The Effects of Heat on Solar Panels
Solar panels have to be placed under direct sunlight to generate electricity. During their lifetime, solar panels can overheat. Especially in hotter climates and locations. We’ll explain how heat affects the performance of your solar panels and how these effects are mitigated.
What temperatures do solar panels operate in?
Generally, solar panels tend to operate at their peak efficiency between 15°C and 35°C. This ideal efficiency range can vary between different panel types and models. Although, panels are generally tested at a temperature of 25°C. Solar panels will start to get affected by heat at around 65°C, then their efficiency will start to drop.
Most solar panels are made of silicon photovoltaic (PV) cells which are protected by an outer sheet of glass and enclosed in a metal frame. The heat from the sun can get easily trapped in the solar panels with little to no way out. This can be amplified if your solar panels have a black tint, as darker colors tend to absorb more heat. The surface of your solar panels will be hot to the touch, although not enough to boil water or result in burns or a fire. While this is a general idea of extreme heat, your actual temperatures will depend on different factors. Such as the temperature, your position relative to the equator, the amount of direct sunlight, and the materials of your roof. The setup of your solar panel array can also affect the heat of your solar panels.
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Temperature and Solar Panel Efficiency
Solar panels are electronic devices and like any electronic device, their performance will degrade as temperatures rise. This comes down to the laws of thermodynamics, specifically where increased heat results in decreased power output. How the effect of heat is measured on solar panels is quantified by a value called the temperature coefficient. The temperature coefficient of a solar panel can vary between different models. This is generally listed on the datasheets of solar panels.
The temperature coefficient is listed as a percentage per degree Celsius. When solar panels are tested, their power output is measured at a baseline temperature of 25°C, with this baseline they can identify the drop in power output as temperatures change. For example, if a solar panel has a temperature coefficient of -0.30% per °C, the power output will drop by each °C past 25°C. While this is minuscule, you have to keep in mind that a roof can reach temperatures of up to 65°C. With a temperature coefficient of -0.30% per °C and a roof temperature of 60°C, your solar panel performance will drop by 10.5%. If the solar panel has an efficiency rating of 18%, it will drop down to 16.11% efficiency.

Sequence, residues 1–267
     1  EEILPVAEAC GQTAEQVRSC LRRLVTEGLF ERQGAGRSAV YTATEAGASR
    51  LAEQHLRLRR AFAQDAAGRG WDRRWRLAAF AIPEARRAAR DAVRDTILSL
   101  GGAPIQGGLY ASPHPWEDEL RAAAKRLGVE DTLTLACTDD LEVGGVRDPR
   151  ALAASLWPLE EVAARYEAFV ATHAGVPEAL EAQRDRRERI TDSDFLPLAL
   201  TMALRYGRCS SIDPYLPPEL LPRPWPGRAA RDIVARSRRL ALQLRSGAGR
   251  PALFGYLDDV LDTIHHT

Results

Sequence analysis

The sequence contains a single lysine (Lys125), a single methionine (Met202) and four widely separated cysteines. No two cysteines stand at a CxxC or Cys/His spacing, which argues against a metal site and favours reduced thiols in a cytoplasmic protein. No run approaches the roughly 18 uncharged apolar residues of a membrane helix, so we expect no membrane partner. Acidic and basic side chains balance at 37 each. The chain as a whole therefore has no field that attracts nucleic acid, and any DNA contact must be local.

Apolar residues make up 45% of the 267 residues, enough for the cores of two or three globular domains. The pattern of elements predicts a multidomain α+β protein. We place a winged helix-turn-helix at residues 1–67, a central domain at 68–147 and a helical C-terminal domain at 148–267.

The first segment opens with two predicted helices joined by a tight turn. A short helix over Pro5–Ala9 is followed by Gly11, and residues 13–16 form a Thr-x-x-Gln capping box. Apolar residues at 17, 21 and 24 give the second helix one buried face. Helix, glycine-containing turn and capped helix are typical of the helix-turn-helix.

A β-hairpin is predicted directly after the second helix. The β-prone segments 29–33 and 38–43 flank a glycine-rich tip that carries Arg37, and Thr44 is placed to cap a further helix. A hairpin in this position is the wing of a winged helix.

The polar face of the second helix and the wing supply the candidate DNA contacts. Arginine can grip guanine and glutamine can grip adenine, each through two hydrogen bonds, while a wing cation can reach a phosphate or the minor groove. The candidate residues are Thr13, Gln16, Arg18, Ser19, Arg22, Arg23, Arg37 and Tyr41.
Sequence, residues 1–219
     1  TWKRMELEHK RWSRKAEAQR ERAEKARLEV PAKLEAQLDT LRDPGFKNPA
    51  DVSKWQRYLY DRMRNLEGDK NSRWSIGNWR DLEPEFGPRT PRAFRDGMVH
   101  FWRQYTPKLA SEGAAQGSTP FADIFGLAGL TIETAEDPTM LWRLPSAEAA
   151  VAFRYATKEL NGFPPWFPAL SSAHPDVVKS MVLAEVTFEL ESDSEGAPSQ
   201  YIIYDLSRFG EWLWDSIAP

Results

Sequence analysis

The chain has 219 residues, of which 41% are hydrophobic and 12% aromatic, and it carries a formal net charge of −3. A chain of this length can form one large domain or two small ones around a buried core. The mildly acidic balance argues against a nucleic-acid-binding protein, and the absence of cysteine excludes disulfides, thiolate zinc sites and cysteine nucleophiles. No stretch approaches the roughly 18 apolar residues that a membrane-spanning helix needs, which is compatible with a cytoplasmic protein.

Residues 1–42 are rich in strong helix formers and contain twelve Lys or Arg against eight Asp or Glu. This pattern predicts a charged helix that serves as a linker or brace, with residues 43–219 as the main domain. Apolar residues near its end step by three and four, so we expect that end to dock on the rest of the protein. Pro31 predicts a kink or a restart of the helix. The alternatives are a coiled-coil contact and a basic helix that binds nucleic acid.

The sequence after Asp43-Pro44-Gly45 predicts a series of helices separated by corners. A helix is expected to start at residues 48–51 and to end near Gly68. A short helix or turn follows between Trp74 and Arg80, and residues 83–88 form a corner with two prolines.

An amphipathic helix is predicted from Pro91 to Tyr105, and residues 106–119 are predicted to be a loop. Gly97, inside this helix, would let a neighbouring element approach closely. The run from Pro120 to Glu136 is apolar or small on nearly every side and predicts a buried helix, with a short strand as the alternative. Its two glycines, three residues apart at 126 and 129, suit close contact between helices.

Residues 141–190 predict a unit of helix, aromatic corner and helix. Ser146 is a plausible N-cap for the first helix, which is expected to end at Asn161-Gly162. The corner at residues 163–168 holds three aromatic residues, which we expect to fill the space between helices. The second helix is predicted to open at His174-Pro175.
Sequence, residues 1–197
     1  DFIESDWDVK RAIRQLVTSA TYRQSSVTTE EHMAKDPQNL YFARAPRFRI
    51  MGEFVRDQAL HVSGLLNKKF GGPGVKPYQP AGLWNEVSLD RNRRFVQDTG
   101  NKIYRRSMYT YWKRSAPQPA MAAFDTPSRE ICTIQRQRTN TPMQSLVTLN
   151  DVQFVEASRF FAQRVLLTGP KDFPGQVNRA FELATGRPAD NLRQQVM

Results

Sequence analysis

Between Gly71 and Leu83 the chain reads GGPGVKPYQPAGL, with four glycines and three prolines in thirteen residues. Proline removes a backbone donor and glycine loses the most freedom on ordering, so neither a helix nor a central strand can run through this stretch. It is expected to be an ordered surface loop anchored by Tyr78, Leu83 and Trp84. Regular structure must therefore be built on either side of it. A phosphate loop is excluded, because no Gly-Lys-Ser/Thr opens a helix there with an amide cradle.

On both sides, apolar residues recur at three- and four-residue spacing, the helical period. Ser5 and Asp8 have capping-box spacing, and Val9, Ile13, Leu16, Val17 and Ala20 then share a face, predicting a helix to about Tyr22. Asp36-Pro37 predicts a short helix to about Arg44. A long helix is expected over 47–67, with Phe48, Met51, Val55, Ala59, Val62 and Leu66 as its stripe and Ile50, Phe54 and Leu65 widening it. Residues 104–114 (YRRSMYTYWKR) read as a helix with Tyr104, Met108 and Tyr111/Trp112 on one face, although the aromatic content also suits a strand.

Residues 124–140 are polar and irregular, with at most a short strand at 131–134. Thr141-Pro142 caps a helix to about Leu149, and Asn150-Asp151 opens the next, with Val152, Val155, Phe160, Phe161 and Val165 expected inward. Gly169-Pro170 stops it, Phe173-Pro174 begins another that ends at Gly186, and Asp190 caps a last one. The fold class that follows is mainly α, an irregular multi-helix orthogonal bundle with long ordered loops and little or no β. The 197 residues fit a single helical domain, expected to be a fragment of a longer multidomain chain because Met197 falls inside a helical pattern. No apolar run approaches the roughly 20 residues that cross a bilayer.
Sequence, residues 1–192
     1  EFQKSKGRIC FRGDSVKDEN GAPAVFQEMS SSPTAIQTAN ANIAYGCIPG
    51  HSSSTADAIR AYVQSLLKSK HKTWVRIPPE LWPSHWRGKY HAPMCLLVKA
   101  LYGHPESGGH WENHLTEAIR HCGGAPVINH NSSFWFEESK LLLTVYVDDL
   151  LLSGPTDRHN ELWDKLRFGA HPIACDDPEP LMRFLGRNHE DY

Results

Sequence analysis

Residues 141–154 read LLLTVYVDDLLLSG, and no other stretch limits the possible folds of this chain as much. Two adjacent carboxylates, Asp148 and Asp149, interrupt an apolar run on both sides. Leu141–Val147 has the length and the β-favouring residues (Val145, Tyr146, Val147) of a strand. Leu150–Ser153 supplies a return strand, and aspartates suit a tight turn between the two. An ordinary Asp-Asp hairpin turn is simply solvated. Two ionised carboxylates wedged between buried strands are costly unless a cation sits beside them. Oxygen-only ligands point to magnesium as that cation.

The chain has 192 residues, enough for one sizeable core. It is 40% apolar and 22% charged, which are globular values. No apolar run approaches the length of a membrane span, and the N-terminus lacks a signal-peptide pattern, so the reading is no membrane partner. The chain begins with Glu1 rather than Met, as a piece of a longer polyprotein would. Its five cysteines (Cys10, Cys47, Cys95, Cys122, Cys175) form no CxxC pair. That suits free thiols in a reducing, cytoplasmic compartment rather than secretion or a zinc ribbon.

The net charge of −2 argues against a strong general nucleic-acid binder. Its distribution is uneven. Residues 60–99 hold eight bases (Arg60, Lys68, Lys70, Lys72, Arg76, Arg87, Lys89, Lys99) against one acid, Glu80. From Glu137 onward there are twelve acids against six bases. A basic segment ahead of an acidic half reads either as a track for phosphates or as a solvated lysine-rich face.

How to reduce the effects of heat on solar panels
The energy output of your solar panels will always be affected by heat. Although this doesn’t mean that you need to deal with an inefficient system during hot days. There are several ways you can reduce the effect of hot temperatures on your solar panels:
- Mount your solar panels a few inches above your roof to let air through. This way, your solar panels aren’t making contact with your roof and absorbing heat from it. They will also have airflow to their underside to provide some cooling and disperse heat.
- Most manufacturers will apply a thermally conductive substrate to the housing of the solar panels. The substrate helps vent the heat away from the glass layers of solar panels.
- Choose solar panels with light-colored materials, they absorb less heat during hotter days, keeping them relatively efficient.
- Add ventilation systems or fans to your solar energy system. They help mitigate heat by increasing the flow of cool air throughout your solar panels.
- Thin-film solar panels are a viable alternative to regular silicon PV solar panels. While they don’t produce as much power and aren’t as efficient as regular solar panels. Thin-film solar panels have a much better coefficient range of -0.20 to -0.25. They are also cheaper and easier to install, making them an economic option.
While these methods help mitigate the effects of heat on your solar panels, they may not be as effective in the long term. Choosing higher-end solar panels with low temperature coefficients will be your best option when heat is a concern. If you live in a region with high temperatures for most of the year, this will be your best option. Our range of solar panels includes models with low temperature coefficients which are suited for hotter climates.
How do cold temperatures affect solar panels?
While heat can dampen the performance of your solar panels, cool temperatures have the opposite effect on your solar panel’s performance. As heat results in a negative coefficient, colder temperatures result in a positive coefficient. This means that your solar panels will see improved efficiency over their standard rating. If you have cool and sunny weather in your area, you have the ideal conditions for your solar panels to perform at their best. For areas with winter seasons, this bump in efficiency is especially helpful to make up for the hotter summers. So no need to be worried about using solar panels if you live in a snowy area.
The price of a solar energy system
The price of a solar energy system can depend on your property, the complexity of the system, and other factors. Our website has a free online estimate tool that generates a personalized report for you from a simplified questionnaire. That report will contain the potential savings you can net, and the cost of a solar energy system installed on your property.